When and How Did Marshall Applewhite and Bonnie Nettles Meet?

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Starting in the 1970s, a cult named that eventually was called the Heaven’s Gate garnered a fringe following, and their numbers went up and down over the years. But in 1997, a mass suicide left 39 people dead, including one of the group’s founders, Marshall Applewhite. ABC News’ ‘20/20: The Cult Next Door’ delves into the complex history behind this cult and its beliefs. So, if you’re wondering how Marshall met the other founder, Bonnie Nettles, we’ve got you covered.

When and How Did Marshall Applewhite and Bonnie Nettles Meet?

Marshall was a Spur, Texas, native and explored theology in his younger age before pivoting into the musical field. He then married and had two children, moving to New York to become a professional singer. However, by 1968, Marshall divorced his wife of sixteen years and rarely met his children. About four years later, he lost his father and dealt with debt. It was around the same time that Marshall began looking into some literary works that led him to think UFOs were what people once believed to be angels.

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Bonnie was a registered nurse, a mother of four, and a divorcee. While it is believed that Marshall met Bonnie in March 1972, there have been differing stories regarding the circumstances of their meeting. According to Marshall’s sister, Louise, he had some health issues, ended up in a hospital in Houston, Texas, and had a near-death experience there. One of the nurses there was Bonnie. Louise said, “…one of the nurses convinced him it that it was for a very special reason and that he could be used mightily in a group that she knew about.”

Louise added, “She began seeing him and talking him more into joining this group. And then they become sort of co-leaders for a while, but he always considered her the senior leader.” But Bonnie’s daughter, Terrie, had a different story about their meeting. She said the two met at the Houston Music Theater Center, where Bonnie’s son was a student, and Marshall was the teacher. The two left Houston in 1973 to then form their own church.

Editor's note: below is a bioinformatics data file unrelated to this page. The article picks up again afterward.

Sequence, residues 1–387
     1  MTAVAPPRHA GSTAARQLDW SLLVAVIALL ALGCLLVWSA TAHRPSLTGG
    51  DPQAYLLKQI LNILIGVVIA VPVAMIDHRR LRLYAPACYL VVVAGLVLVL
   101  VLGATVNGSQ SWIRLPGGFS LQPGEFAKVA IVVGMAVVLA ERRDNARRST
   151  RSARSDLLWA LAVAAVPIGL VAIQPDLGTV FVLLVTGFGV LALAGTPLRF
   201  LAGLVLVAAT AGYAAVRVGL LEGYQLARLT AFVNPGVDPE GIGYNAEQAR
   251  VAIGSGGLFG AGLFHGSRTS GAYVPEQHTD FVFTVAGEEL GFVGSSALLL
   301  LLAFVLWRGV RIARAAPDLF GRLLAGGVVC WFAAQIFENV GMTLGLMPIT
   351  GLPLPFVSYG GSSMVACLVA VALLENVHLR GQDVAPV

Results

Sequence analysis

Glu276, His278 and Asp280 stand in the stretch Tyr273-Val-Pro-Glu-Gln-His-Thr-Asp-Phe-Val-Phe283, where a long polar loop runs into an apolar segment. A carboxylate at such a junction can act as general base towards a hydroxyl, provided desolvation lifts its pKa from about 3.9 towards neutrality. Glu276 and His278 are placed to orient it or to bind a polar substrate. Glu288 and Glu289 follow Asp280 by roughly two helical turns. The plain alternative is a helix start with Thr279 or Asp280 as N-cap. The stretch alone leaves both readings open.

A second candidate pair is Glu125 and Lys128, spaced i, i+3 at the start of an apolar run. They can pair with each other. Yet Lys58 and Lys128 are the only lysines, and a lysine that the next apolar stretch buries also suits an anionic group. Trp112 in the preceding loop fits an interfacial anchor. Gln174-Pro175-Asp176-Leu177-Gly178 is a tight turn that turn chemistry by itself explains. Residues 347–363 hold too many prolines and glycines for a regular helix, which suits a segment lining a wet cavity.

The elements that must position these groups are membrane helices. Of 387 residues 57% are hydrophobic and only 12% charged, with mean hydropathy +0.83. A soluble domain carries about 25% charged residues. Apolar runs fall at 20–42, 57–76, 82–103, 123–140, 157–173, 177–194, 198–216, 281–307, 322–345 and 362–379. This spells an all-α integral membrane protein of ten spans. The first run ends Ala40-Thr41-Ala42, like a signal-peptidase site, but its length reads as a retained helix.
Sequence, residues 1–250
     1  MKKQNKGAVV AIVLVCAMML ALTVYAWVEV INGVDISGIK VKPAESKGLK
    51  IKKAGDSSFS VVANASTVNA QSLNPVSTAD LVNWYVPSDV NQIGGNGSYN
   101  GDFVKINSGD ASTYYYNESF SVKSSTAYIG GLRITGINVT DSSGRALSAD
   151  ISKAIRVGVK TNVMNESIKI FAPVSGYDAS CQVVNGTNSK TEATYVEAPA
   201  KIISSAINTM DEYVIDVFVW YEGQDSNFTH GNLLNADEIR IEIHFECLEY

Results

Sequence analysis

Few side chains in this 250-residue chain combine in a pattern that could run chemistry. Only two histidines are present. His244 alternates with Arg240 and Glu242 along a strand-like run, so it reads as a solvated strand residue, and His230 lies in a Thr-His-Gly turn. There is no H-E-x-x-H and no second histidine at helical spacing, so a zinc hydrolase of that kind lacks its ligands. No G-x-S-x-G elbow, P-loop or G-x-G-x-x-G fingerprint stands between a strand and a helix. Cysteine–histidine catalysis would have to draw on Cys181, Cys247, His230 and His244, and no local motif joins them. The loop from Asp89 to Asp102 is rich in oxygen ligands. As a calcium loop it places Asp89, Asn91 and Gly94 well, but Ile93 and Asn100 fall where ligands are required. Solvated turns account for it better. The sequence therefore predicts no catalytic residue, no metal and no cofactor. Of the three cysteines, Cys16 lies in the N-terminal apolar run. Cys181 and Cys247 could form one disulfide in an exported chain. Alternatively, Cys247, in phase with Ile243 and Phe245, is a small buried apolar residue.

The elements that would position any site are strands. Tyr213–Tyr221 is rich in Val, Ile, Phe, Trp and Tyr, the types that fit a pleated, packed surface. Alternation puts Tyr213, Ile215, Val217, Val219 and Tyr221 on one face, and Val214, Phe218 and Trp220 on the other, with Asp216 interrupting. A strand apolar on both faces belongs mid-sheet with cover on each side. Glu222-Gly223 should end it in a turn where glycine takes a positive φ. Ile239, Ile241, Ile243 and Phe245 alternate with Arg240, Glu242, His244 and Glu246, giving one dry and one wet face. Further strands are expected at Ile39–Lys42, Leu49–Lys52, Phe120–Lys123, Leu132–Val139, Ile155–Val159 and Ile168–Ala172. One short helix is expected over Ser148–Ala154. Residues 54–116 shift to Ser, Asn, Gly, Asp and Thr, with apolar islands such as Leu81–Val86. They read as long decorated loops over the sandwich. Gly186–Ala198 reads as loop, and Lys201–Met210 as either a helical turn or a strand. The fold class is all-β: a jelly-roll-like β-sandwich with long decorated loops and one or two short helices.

However, according to Marshall’s writings, he visited a friend at a hospital when Bonnie came into the same room. After that, Bonnie carried out some astrological readings and found their stars aligned. Over the next few years, they taught that Marshall was the “second coming” of Jesus Christ and that Jesus was an alien. They claimed that humans would ascend to the Next Level by exiting their “containers” (bodies).

After Bonnie died in 1985, Marshall took over the teachings and believed they would receive a new body in the Next Level, and they had to kill themselves to achieve that. In March 1997, Marshall and 38 of his followers went through with mass suicide at a mansion in Rancho Santa Fe, California. The bizarre finding captured national headlines at the time, with the Heaven’s Gate becoming one of the most notorious cults in history.

Read More: Does Heaven’s Gate Still Exist? Where Are the Surviving Members Now?

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